April third, 2006
The news yesterday of my father’s death obviously blew the day’s creative productivity right off the itinerary. I am so thankful for the sixteen years He allowed Dad and I to have together.
My Mom and Dad divorced when I was about five, and she kept him out of my whole childhood. It wasn’t until 1989 when I was living in the Chicago burbs that my sister located Dad here in Lafayette, Indiana, and set up our first meeting in nearly two decades.
Over the next five years we visited regularly and developed a wonderful relationship. In May of1994 I moved to Lafayette and stayed at his house until I got established. Back then I was working on my fantasy work, White Iron. Dad had focused his lifelong creative efforts into entrepreneurism, and had started several companies, but never enjoyed any degree of success. My bouncing ideas off the old guy nourished a drive that he never knew he had, and in the late nineties, he funneled his creative energy into his first fantasy novel.
Like the work of any new fiction writer, itwas bad, but he had a natural gift for plot-development and in six or seven years really learned how to turn a phrase. I’d been driven to write my whole life, so my father’s new interest opened a commonality that gave a new depth to our relationship. A few yeas ago dad discovered elfwood.com, the web’s largest fantasy and science fiction site. He made many friends there and after a year, founded Fantasy Writers International, a writer’s club for aspiring novelists. In January of 2005 he solicited FWI’s members for contributions to an anthology of high fantasy.
The anthology’s completion was delayed by a family crisis involving his sister in California. He and my grandmother flew to California to support my aunt. The trip dragged out longer than anticipated, and the decision was made that Dad would fly back toIllinois and drive my grandmother’s car to San Deigo.
On the evening ofApril first, somewhere around Fort Worth, Tx, the car left the road and rolled. He was ejected from the vehicle and found some fifteen feet away by paramedics. Dad was immediately alert and responsive, but once in the ICU the only movement of which he was capable below the waist was the movement of his big toes. Then he went unconscious.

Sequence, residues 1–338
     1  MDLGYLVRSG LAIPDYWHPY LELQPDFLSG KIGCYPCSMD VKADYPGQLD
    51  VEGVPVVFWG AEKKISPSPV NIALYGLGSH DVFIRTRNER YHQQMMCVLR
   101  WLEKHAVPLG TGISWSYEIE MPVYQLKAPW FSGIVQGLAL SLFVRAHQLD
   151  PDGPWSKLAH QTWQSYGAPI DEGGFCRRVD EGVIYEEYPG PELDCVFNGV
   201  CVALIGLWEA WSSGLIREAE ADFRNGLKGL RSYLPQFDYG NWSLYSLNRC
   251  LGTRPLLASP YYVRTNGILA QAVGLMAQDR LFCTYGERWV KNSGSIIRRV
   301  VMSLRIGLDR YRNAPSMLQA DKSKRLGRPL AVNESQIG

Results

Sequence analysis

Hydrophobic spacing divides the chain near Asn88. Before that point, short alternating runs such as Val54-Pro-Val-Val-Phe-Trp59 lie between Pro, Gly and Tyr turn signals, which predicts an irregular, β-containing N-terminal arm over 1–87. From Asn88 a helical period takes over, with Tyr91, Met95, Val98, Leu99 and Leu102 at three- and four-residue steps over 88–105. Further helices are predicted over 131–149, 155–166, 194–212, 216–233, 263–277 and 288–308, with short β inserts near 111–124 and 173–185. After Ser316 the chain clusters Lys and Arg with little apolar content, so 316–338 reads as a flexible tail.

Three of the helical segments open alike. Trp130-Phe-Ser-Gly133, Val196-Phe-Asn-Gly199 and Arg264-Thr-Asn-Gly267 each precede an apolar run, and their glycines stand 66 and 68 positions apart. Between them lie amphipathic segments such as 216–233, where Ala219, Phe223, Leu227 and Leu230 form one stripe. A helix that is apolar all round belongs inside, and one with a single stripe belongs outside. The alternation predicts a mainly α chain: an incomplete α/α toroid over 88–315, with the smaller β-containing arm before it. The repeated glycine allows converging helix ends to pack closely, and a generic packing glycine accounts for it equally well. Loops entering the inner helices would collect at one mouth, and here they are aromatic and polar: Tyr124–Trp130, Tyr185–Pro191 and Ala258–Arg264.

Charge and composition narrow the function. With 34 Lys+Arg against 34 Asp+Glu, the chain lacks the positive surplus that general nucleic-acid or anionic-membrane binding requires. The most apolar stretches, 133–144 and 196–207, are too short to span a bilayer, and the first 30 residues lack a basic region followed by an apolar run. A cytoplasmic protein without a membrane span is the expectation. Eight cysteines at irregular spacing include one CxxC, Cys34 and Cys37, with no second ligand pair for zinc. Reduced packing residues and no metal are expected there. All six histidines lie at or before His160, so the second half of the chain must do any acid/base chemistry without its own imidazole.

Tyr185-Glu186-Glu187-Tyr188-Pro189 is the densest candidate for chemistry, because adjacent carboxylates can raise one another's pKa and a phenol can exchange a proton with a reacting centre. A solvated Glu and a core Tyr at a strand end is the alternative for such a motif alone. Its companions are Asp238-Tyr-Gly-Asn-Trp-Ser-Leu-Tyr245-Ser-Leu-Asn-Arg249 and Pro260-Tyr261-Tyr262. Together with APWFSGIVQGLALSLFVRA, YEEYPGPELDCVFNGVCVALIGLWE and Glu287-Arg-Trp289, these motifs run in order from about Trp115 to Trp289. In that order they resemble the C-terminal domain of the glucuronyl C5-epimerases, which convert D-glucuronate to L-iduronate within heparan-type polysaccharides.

My brother informed me that dad coded four times in the early AM hours of April second and never regained consciousness.
At about 7:30 PM my brother again phoned, this time with the news that Dad had been declared brain-dead.
C.S. Lewis wrote A Grief Observed after Joy, his wife of three years, was taken by cancer. After weeks of his soul’s torment Lewis turned a corner. At this point he wondered why he couldn’t see that there was nothing to do with suffering but suffer it. In 1996 these words comforted me when my mother died of complications brought about byMultiple Sclerosis. Lewis’ same words sustain me now.
Dad was so happy in the last years of his life, and although he was not able to hold the finished book in his hands, assembling this anthology for his fantasy fiction club was his dream come true. My wife, Cynthia, is the anthology’s editor and told me last night that she’s decided to see this project’s completion. Dad’s dream will be posthumously realized. It has, over the last twenty-four hours, slowly occurred to me that this book will stand, in my mind, as a memorial.
Regardless of any future success that I may enjoy as a novelist, this secular fantasy anthology will undoubtedly stand as my life’s most meaningful published work. It will be a physical symbol to the years with my father with which He blessed us.
Thank you Father for the time with my father.